No-one did. As soon as the beam of the ferry was less than two metres from the wharf, the workers started jumping. Upon landing they started running towards the gates. They had buses and trains to catch and there was no time to waste.
The ferry deckhands of today, beset by the Occupational Health and Safety Act, might never believe it!
In Afloat March 2010 I explained how the Sydney Heritage Fleet’s crew of volunteers was working towards taking the big ferry out of the water so that the steel hull could be re-plated.
That’s still on the agenda but it can’t happen before the steam Pilot Boat John Oxley’s hull replating has been completed. In the meantime the volunteers work at replacing and renewing above-water structures, the while keeping a very careful eye on that part which is below the surface of Rozelle Bay, Sydney.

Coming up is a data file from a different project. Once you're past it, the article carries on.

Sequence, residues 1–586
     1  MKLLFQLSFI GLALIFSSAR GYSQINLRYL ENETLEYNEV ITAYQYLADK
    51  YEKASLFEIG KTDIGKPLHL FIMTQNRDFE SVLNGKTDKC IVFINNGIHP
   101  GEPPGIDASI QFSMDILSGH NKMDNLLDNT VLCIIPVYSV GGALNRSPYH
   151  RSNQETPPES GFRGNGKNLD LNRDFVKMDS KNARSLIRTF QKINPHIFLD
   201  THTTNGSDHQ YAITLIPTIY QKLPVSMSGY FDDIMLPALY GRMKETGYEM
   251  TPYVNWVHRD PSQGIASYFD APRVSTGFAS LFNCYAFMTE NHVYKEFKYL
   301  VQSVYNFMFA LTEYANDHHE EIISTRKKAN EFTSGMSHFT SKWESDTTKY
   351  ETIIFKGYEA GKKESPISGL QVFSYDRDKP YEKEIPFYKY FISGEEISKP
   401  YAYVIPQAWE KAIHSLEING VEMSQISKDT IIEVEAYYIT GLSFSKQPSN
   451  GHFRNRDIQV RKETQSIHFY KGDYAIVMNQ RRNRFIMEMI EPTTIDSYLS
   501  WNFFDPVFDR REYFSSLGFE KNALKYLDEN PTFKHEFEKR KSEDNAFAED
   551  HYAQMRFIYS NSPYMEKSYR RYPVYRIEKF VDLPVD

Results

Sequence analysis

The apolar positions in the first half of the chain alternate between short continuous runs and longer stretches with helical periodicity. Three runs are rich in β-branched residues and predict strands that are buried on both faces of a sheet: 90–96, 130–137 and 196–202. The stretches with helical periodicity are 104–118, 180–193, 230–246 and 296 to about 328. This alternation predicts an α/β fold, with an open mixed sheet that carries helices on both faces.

Handling MV Kanangra
Kanangra is the last survivor afloat of a design that became the ‘traditional’ (iconic?) Sydney ferry. As the Star ferries of Hong Kong were and are symbolic of the Hong Kong—Kowloon run, so too were the double-ended green and cream Sydney ferries.
Today’s inner harbour fleet consists of many, roughly-similar, medium-speed catamarans. They are not and cannot be considered to be Sydney’s ‘traditional ferries’. In April 2012 Sydney Ferries have only two ferries of the traditional double-ended type in use and as they are both almost 40 years old, they are unlikely to be working as long as Kanangra did.
Apart from using ropes when berthing at wharves, there is little similarity between the handling of the old ferry and the much smaller and faster catamarans.